It was late morning by the time I took the turn-off from the Hume Highway to Gundagai.
A bronze statue stands at the beginning of town, commemorating the 165th anniversary of the Great Flood of Gundagai. The sculpture celebrates the heroic work of Yarri and Jacky Jacky, along with other members of the Wiradjuri tribe. On the night of 24th June, 1852, in frail bark canoes, they rescued 69 people, one third of the town’s residents, from the flooded Murrumbidgee River.
I’m going to be very controlled in this post and not, as usual, bore everyone with endless photos of old buildings, though there are plenty. Gundagai goes back to the 1830s, so it’s quite historical and just a little bit quirky.
An interesting place is Australia’s oldest Greek Cafe, the art-deco Niagara Cafe and Milk Bar, run by Greek-Australians continuously since 1902. Leonard Jamiszewski of Masquarie University describes it as “a jewel of the period when Greek cafes nourished the nation’s appetite for a good feed after a long country drive, or before or after a night out at the flicks”.
It even had a visit in the 1942 from the then Prime Minister, John Curtin, who tucked into a midnight feast of steak and eggs in the kitchen, and granted the cafe more generous wartime rations in thanks. Curtin later died of heart disease but I don’t think it was anything to do with the Niagara.
Built by German immigrant and baker, William Bibo in 1864, the Historic Gundagai Bakery is believed to be the oldest working bakery in Australia.
Present baker, John Catling, is renowned for his pies and sausage rolls. His Little John’s pies have won awards. If I’d known that at the time, I would have definitely sampled his wares.
In the bar of the Criterion Hotel are murals of various local bushrangers, one being Andrew George Scott, otherwise known as Captain Moonlite.
This is cute – a mural of Melba XV of Darbalara, a local milking cow in 1924. Melba made so much milk the excess was used for butter and cheese, and Melba became extremely famous, in fact, became the world’s champion milking cow.
On either side of her are two of her sisters, Daisy and Daphne, said to be extremely jealous that they couldn’t also come up with the goods as did Melba. Such is the legend of the Three Sisters.
The courthouse is rather beautiful.
Gundagai Railway Station is a heritage-listed former railway station on the Tumut railway line.
I had booked into a motel in Holbrook, as Albury, my first stop along the Murray, was just that bit too far for that day. I’d passed through here before; I remembered that when I saw the submarine in the town gardens. Yep, there’s a submarine in the gardens.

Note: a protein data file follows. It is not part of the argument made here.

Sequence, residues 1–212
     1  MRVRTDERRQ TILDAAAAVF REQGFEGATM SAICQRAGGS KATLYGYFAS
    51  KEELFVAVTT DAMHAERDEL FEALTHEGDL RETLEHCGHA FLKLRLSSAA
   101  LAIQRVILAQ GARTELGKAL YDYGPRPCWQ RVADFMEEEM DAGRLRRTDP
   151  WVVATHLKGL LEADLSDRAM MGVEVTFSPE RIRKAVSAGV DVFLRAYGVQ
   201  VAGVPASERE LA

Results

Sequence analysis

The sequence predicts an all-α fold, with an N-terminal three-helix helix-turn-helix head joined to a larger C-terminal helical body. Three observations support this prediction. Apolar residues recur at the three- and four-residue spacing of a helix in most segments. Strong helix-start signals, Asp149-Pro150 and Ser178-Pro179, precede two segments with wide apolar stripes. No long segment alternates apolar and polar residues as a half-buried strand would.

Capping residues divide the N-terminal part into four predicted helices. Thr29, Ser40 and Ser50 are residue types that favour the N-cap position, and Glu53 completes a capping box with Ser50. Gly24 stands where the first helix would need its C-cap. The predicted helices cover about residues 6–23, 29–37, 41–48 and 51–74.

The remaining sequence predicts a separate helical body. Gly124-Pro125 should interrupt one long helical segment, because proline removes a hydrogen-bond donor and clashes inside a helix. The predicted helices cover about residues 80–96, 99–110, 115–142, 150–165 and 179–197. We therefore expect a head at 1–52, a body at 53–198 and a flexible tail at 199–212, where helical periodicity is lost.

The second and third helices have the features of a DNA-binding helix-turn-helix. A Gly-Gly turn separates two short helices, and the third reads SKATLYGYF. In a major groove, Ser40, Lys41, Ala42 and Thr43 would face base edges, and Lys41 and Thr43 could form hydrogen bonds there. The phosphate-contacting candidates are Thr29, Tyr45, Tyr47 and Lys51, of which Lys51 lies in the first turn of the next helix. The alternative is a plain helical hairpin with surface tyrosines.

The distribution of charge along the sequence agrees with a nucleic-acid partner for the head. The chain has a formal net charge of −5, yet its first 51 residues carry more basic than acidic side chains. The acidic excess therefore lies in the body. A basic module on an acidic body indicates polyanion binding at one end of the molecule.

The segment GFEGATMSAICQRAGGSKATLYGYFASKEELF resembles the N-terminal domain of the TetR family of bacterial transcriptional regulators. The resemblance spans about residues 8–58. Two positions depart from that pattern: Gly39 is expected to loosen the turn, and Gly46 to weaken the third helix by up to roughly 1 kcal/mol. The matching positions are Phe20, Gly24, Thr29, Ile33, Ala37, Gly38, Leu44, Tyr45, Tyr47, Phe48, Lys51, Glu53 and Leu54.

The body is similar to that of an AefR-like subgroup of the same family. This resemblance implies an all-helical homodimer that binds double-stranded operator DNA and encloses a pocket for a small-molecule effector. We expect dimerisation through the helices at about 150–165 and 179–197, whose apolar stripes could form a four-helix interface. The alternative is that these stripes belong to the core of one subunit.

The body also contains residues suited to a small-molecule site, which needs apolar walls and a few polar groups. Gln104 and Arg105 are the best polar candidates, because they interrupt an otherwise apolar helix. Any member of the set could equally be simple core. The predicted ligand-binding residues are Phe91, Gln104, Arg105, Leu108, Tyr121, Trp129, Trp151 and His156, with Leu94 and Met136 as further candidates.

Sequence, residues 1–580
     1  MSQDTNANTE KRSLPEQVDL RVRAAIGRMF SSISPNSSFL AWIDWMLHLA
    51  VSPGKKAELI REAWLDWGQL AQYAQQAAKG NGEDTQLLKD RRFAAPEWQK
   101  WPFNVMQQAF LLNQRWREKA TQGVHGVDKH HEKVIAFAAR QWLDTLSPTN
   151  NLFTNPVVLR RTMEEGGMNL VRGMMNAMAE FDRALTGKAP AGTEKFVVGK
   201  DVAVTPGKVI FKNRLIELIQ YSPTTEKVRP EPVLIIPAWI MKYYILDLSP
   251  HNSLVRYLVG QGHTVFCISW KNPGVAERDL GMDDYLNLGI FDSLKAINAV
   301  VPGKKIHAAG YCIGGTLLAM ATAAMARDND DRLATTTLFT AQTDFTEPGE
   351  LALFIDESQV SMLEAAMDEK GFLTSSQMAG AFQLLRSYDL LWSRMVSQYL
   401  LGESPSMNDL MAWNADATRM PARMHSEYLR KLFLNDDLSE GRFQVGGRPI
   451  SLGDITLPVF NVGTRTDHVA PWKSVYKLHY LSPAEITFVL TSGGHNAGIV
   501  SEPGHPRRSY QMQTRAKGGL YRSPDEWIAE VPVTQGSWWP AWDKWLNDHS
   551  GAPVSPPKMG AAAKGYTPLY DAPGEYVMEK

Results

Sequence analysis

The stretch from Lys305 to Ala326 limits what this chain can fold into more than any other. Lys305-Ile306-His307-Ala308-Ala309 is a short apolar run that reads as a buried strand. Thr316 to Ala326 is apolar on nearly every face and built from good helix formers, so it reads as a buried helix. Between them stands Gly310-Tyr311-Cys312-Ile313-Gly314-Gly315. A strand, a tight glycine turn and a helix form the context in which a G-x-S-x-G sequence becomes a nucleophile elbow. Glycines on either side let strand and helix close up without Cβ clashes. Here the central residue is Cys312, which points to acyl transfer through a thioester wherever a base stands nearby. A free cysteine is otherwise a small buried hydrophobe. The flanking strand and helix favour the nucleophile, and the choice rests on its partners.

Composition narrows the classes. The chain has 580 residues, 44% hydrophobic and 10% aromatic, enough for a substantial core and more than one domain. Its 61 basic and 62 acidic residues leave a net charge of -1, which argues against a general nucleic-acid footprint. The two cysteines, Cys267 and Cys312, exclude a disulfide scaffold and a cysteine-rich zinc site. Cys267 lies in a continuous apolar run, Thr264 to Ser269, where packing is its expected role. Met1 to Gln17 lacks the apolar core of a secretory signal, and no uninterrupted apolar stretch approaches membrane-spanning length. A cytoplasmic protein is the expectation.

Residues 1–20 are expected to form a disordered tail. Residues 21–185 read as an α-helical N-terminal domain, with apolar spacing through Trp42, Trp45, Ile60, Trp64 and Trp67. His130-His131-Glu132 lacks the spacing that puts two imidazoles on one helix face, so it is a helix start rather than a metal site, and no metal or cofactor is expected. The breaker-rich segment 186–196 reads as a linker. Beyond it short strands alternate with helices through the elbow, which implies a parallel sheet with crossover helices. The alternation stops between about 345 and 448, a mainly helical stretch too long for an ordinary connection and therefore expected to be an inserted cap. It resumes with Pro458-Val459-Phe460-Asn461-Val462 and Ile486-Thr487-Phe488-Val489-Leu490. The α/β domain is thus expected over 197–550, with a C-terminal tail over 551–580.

The HMAS Otway is an above water line superstructure of the Oberon Class of submarine.
Also in the park is a model of Lt. Norman Holbrook VC’s submarine B11.
Various other naval bits and pieces.
There’s also a museum offering all sorts of submarine experiences, which I missed because of the lateness of the day.
Holbrook’s a strange little town, I’ve always thought. There never seems to be anyone around. Turns out, along with the Submarine Museum, there are various other museums, arts and crafts, a golf course, an ultralight club and a couple of nice-looking pubs. I must be passing through at the wrong time.
I left early and was in Albury for breakfast.
Albury and Wodonga are twin cities on either side of the Murray, the river creating the border between New South Wales and Victoria. The local indigenous inhabitants are the Wiradjuri. Explorers, Hamilton Hume and William Hovell arrived at this spot in November of 1824, at what their maps called ‘Crossing Point’. After that, the inevitable squatters turned up and the settlement grew. Together, the population of the two cities is now around 93,000.
I wandered for awhile, before finding a sunny cafe and tucking into scrambled eggs on sour dough, and coffee.
Next: my trip along the Murray to Cobram/Berruga, then the race home to watch the Grand Final on my own tele.
8 thoughts on “NSW South-East Coast Part 4”
What a fabulous post. I haven’t visited that region for a while but your post nearly made me want to get in the car! 😂
Thanks, Browney. I often feel like I haven’t come up with the goods so thanks for the feedback.
So many stories in every town isn’t there, you could spend days in each to learn all about them.
For sure, Glenys. I never allow enough time. Good to know you can go back again if you really love a place.
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Very informative and an enjoyable read.
Thanks so much, Marion.
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A submarine in your backyard. Fabulous!
Such a surprise. You’re flying along the Hume and suddenly there’s a submarine.